Those of us involved in academic travel to Russia are networked through a listserv called SEELANGs. We met the recent US travel warning against Russia with concern and surprise and so networked together to gain a fuller picture of the risks on the ground. The travel warning lists terrorism and harassment by officials specifically but also references crime and social unrest. None of the many organizations, private researchers, and travelers we heard from had had a recent case of the students or travelers under their guidance being affected by any of these things.

Thus, providers on the ground in Russia plan to continue our academic programs and services there. However, this does not mean that the changing conditions will go unnoticed by students.

130_kvartal_irkutskIrkutsk's 130 Kvartal features new walkways that pass shops and cafes housed in renovated or reconstructed buildings recalling the city's hayday as a Siberian outpost on the Silk Road.

What This Means For Students

There is always risk involved in traveling to a foreign country. Each country has different laws which must be followed and there are specific laws governing visas and foreigners within their borders. In addition, most students will travel to very large cities, and much of the culture shock and risk they will face will come not from being in foreign country, but from being in a city much larger than any that they have been in before.

SRAS and other reputable study abroad organizations have long standing policies that recognize and manage these risks. Students are given orientations upon arrival to help them navigate their new surroundings. Students are briefed on visa regulations and health and safety issues before and after arrival. We ensure that students have insurance and access to English-speaking health care or translator-assisted care. We ensure that students have cell phones that can be used in the event of an emergency.

Anti-Americanism is not a concern. Russians are particularly adept at realizing that the actions and policies of a government do not necessarily reflect the will of all of its citizens. Russians approaching Americans are very likely to ask for opinions regarding America, Russia, and recent events. In general, if Americans are willing to discuss issues within the context of expressing their opinion and coming to understand someone else's, they will find a number of fascinating conversations waiting for them in Russia. Russians, on the whole, are also understanding of someone declining to discuss politics.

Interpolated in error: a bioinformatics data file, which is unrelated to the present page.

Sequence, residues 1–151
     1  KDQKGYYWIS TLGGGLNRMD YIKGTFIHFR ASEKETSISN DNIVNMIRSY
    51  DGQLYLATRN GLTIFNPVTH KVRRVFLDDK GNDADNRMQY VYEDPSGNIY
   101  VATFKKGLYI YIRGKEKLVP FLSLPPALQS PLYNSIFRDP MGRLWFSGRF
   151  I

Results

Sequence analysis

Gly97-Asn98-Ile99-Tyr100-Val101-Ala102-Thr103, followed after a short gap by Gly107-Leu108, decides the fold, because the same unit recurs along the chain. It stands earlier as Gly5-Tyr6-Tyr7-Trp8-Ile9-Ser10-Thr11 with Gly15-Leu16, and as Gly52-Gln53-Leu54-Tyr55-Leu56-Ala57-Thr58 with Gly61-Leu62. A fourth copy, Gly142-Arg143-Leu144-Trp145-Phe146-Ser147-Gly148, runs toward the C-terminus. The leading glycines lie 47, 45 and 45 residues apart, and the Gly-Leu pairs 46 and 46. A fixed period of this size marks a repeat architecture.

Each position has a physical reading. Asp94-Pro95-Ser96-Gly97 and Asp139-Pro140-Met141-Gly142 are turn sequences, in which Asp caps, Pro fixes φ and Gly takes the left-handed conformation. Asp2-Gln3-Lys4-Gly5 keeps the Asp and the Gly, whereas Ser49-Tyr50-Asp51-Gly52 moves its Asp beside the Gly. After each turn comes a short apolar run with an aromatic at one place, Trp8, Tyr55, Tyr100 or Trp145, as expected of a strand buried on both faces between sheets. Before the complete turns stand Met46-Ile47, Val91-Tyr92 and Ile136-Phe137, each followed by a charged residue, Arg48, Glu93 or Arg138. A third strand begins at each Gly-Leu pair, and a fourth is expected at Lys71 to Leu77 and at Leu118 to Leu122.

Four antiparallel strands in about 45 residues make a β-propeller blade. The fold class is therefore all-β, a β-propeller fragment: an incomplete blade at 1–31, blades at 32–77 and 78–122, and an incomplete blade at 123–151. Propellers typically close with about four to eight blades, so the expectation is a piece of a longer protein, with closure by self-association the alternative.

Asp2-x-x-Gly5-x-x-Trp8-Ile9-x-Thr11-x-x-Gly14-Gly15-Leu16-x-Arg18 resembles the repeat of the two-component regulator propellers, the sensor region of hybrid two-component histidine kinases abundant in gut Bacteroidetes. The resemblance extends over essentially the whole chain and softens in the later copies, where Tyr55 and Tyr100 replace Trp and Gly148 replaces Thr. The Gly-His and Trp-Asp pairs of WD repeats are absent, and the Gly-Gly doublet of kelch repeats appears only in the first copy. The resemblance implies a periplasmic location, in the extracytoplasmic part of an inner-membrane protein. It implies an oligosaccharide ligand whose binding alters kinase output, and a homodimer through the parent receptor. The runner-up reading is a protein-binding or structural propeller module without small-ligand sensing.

The major impact of all of this American students hoping to study abroad is that with the State Department having declared Russia a "level 3 country," Gilman Scholarships are no longer available for Russia-based study and Boren Award applicants must sign a waiver and complete an additional plan for a back-up country in order to apply. Both Boren and Gilman are supported by the US government. As many universities have policies specifically tied to State Department travel warnings, students depending on university-supported programs to go abroad are also now facing difficulties.

Options are still available, however, outide of Russia. For Russian-language immersion as well as optional anthropology, regional studies, and geopolitics courses, we are recommending students to explore SRAS programs in Bishkek, Kyrgyzstan. SRAS programs in Kiev, Ukraine also provide Russian language as well as optional courses in conflict resolution and identity studies. Warsaw, Poland is another excellent option still open to those interested specifically in studying security issues abroad, while optionally learning Polish and/or continuing with Russian language study.

Lastly, we are seeing that as public opinion on Russia becomes more polarized in the US with Russia's recent prevalence in the news, that there is increasing interest in study abroad to Russia. This is encouraging as it shows that students are more interested in gaining a fuller, more objective view of a country with increasing geopolitical significance. That knowledge should be increasingly valuable in the near future both to the students themselves and to their future employers in government, business, or academia. Despite the recent changes to government funding, for anyone hoping to go into professions like government, diplomacy, or security or into academic fields like history, literature, or language, spending a least a few months in Russia should be considered mandatory. One can only truly understand that which one has experienced.